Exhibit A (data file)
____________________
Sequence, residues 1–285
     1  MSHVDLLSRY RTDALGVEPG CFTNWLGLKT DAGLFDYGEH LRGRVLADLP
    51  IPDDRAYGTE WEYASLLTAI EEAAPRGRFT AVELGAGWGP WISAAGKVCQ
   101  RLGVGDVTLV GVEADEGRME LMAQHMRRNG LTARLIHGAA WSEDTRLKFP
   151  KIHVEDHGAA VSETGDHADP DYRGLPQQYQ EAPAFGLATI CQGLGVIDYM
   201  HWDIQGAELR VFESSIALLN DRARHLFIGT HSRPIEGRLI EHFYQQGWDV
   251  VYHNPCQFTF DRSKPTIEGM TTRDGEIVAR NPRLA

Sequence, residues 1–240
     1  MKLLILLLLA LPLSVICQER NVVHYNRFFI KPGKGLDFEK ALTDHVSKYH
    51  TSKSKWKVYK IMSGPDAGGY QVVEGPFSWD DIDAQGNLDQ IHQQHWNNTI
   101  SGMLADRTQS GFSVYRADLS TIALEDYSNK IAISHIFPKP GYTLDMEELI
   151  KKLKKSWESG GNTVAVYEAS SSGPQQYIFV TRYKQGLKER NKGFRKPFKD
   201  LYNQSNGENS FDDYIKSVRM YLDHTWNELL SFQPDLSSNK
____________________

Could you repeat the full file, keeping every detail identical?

Sequence, residues 1–285
     1  MSHVDLLSRY RTDALGVEPG CFTNWLGLKT DAGLFDYGEH LRGRVLADLP
    51  IPDDRAYGTE WEYASLLTAI EEAAPRGRFT AVELGAGWGP WISAAGKVCQ
   101  RLGVGDVTLV GVEADEGRME LMAQHMRRNG LTARLIHGAA WSEDTRLKFP
   151  KIHVEDHGAA VSETGDHADP DYRGLPQQYQ EAPAFGLATI CQGLGVIDYM
   201  HWDIQGAELR VFESSIALLN DRARHLFIGT HSRPIEGRLI EHFYQQGWDV
   251  VYHNPCQFTF DRSKPTIEGM TTRDGEIVAR NPRLA

Sequence, residues 1–240
     1  MKLLILLLLA LPLSVICQER NVVHYNRFFI KPGKGLDFEK ALTDHVSKYH
    51  TSKSKWKVYK IMSGPDAGGY QVVEGPFSWD DIDAQGNLDQ IHQQHWNNTI
   101  SGMLADRTQS GFSVYRADLS TIALEDYSNK IAISHIFPKP GYTLDMEELI
   151  KKLKKSWESG GNTVAVYEAS SSGPQQYIFV TRYKQGLKER NKGFRKPFKD
   201  LYNQSNGENS FDDYIKSVRM YLDHTWNELL SFQPDLSSNK